Pavle Savić

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Pavle Savić
Serbian stamp from 2009, marking the 100th year since the birth of Pavle Savić

Pavle Savić (Serbian Cyrillic: Павле Савић; 10 January 1909 – 30 May 1994) was a Serbian physicist and chemist.

Born in Thessaloniki, Savić graduated with a degree in physical chemistry from the University of Belgrade in 1932. In 1939, he received a 6-month scholarship from the French government for studying at the Institut du Radium; instead of 6 months, Savić stays for 4 years in France. In the years 1937 and 1938, he worked with Irène Joliot-Curie and Frédéric Joliot-Curie on research action of neutrons on the heavy elements. It was an important step in the discovery of nuclear fission. Together with Irène Joliot-Curie, Savić was nominated for Nobel Prize in Physics.[1]

When World War II began, Savić left France and came back to Yugoslavia to fight as a partisan against German occupation.

After the war he was one of the first promoters of the idea of constructing the Vinča Nuclear Institute in Vinča.[2][not in citation given] He was the principal of the Institute Vinča (in that time called INS "Boris Kidrič") 1960–1961. In 1966 he returned to his position at his alma mater, the University of Belgrade, Faculty of Mathematics and Natural Sciences, Department of Physical Chemistry and Department of Physics (now Faculty of Physics[3][not in citation given]).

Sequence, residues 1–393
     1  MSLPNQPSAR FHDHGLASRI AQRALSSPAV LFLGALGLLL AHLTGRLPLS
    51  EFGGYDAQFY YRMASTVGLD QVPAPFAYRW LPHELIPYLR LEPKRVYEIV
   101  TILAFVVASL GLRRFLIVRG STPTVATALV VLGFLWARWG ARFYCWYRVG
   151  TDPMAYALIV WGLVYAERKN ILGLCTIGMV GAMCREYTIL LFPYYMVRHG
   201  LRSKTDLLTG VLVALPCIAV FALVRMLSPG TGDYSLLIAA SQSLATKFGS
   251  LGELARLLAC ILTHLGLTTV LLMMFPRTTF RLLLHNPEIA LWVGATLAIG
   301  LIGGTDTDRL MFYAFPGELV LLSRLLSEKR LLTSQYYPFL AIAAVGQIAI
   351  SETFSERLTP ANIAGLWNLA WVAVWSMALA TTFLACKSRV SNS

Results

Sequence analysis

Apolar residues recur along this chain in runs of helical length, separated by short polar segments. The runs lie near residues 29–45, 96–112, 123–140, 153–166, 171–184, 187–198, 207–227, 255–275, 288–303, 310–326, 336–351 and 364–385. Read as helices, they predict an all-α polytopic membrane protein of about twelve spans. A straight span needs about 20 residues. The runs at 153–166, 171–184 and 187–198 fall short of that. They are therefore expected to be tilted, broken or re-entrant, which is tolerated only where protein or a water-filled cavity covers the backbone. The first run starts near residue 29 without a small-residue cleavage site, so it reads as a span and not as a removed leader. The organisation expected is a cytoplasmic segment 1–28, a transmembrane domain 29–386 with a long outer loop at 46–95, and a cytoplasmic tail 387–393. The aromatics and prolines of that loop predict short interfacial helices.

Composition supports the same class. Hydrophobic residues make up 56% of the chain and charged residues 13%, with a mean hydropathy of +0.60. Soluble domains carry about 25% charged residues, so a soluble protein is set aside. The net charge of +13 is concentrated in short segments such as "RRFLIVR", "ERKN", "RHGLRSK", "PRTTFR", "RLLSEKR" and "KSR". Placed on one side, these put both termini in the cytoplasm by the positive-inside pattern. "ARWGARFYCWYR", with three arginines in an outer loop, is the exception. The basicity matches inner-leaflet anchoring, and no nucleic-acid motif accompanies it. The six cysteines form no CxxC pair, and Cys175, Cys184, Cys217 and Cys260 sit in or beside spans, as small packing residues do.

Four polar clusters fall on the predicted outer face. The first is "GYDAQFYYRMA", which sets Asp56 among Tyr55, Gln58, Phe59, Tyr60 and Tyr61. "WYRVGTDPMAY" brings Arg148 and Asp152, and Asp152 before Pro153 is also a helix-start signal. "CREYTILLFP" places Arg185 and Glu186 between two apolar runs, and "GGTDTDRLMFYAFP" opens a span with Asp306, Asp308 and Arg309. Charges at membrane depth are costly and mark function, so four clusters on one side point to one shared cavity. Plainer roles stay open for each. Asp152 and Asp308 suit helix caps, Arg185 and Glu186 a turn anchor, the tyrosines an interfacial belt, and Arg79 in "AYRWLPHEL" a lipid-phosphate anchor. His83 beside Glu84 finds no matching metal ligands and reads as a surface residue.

He was the president of Serbian Academy of Sciences and Arts from 1971 to 1981.

In 1987, he was involved in the Vojko i Savle scandal, when he was ridiculed, alongside Gojko Nikoliš, in an unsigned defamatory article in the Politika newspaper.

He was active till his last days. He published his last scientific paper a few months before his death, at the age of 85, in Belgrade.


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